“I think there’s a lot of different things that happen. As mayor I would hold myself accountable to the people. I would encourage participation. It’s about bringing people together to formulate the ideas and have them bubble up from the people.”
If elected, McDonnell would start by getting a feel for what the people are looking for. Then he would get to know and understand city staff, understand the expectations, and take the time away from his family to be successful in the job.
Aware of the demands and responsibilities, he said his experience in Loss Prevention is a great asset because it helps to evaluate stressful situations and find the best solutions.
He knows that change is inevitable, and he sees the growing frustration in city limits about trees being removed, along with crammed and poorly designed housing developments — but how would he navigate the Growth Management Act?
“We know the GMA is a big obstacle, it is something my wife and I have looked into, and honestly, been overwhelmed by. The overarching theme of our campaign is to have a community driven focus for the future, and there are many things that I would need to call on our community members to help us, as a city, navigate and challenge together. I’ve heard from folks about how the neighbors in Sunningdale Gardens studied these laws and went to bat to challenge the developers. They were able to get more green spaces and parks than were originally planned, and I think that’s great and it’s important to me that we live in a city where both our government and the people are on the same page when it comes to being willing to challenge and have high expectations of developers who work in Camas.”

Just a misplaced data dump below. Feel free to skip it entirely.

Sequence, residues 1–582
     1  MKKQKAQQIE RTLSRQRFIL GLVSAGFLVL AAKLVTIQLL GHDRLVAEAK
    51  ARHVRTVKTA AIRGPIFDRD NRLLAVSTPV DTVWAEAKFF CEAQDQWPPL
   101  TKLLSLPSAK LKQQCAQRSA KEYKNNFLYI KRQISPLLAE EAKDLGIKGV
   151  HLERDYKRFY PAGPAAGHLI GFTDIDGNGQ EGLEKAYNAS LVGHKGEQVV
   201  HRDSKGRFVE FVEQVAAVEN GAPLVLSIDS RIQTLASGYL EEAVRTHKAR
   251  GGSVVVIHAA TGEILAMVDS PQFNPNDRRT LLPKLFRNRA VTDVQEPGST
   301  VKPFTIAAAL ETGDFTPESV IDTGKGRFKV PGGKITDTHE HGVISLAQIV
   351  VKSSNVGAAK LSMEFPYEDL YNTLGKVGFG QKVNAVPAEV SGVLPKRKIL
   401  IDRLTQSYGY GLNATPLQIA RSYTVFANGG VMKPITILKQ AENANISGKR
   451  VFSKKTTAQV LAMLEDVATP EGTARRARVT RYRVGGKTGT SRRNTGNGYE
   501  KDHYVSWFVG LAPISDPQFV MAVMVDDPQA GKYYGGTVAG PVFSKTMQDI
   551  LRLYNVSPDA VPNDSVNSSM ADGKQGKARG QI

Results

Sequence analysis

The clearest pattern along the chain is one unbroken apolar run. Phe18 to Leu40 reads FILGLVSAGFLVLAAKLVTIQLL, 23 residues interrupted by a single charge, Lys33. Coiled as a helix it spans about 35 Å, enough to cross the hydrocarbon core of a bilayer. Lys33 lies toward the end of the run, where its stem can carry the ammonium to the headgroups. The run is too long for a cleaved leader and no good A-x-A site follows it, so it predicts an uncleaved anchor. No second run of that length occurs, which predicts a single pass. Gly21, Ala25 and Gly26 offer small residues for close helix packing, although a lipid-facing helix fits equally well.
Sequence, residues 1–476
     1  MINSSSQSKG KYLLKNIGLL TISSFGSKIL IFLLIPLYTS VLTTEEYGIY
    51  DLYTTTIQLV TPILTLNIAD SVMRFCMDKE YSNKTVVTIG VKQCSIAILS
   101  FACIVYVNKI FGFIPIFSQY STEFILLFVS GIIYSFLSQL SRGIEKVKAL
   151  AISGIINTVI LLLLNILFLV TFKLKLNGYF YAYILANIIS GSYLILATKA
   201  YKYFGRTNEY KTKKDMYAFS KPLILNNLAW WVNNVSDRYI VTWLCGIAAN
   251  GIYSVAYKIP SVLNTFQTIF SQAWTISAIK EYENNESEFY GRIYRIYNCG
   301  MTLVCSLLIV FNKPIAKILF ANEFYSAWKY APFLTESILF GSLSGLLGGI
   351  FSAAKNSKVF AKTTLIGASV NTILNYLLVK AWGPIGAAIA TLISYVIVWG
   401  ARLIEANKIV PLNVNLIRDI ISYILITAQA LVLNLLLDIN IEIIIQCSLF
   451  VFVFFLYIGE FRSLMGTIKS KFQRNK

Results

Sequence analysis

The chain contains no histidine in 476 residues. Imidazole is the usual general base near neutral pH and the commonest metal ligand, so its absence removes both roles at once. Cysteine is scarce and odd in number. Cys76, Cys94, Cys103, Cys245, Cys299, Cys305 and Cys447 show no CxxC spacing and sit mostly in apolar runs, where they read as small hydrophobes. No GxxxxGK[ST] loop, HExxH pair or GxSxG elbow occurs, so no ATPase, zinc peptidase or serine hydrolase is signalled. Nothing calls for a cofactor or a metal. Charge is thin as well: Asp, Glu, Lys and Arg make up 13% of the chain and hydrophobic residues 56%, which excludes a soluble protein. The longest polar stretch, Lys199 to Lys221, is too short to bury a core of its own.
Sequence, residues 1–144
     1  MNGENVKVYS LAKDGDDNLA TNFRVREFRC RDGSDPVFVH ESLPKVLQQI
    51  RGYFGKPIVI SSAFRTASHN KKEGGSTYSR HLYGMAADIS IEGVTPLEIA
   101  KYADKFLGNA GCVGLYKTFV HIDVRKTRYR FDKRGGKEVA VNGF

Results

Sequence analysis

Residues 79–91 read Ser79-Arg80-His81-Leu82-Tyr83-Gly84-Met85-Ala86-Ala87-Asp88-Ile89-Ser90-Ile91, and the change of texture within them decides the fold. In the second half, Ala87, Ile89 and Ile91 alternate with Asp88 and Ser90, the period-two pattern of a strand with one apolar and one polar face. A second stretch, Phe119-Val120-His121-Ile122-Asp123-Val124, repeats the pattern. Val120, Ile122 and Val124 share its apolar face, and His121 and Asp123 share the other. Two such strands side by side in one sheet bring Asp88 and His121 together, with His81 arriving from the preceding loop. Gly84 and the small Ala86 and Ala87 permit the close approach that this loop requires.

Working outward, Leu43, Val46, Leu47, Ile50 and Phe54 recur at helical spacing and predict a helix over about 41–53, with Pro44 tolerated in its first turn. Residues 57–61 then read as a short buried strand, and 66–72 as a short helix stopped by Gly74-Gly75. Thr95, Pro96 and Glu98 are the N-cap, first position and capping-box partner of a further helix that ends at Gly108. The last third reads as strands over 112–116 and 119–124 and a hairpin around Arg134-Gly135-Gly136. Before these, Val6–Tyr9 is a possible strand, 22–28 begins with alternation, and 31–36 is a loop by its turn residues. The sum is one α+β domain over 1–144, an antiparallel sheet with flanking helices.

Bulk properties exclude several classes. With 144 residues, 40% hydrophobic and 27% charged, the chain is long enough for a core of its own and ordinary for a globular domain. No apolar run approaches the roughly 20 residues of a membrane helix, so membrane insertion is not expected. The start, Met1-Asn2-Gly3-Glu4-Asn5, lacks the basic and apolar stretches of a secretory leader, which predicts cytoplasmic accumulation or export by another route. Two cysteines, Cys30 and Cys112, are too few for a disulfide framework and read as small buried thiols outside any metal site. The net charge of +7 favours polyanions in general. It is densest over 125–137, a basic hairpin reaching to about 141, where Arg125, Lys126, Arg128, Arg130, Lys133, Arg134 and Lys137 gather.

Creating a 30-year vision
“I will work with the community to help put that vision together. I don’t have all the answers. Working with them the vision will come forth. Listening is being a leader. Have a discussion. Understand what the situation is. The community is the one trying to create a vision.”
What’s his vision for North Shore?
“I couldn’t tell you. I’ll assess the situation. We’ll figure it out — at the end of the day we would like a pool. I would like to understand what all the options are. I don’t really know. I’m not going to have all the answers. My skill set is in helping identify the direction we’re going to take, and make sure there are check-in’s all the way.”
McDonnell insists he isn’t funded by any large or small interest group.
“I have a 30-day campaign,” he said. “It’s a last minute kind of thing. It’s just friends and ourselves. We’ve had a few people donate.”
Learn more at www.writeinbarryforcamas.com where he also has a podcast discussing this journey. He is hosting a candidate Meet and Greet at Crown Park this Sunday from 2-4 pm.
Originally from Ireland, he, Anastasia, and their four children have lived in Atlanta, Florida, Colorado, and Camas. He has the support of his whole family.
Is he opening to debating Mayor Turk?
“I’d be open to a debate with Mayor Turk,” he said. “I think it would be healthy.”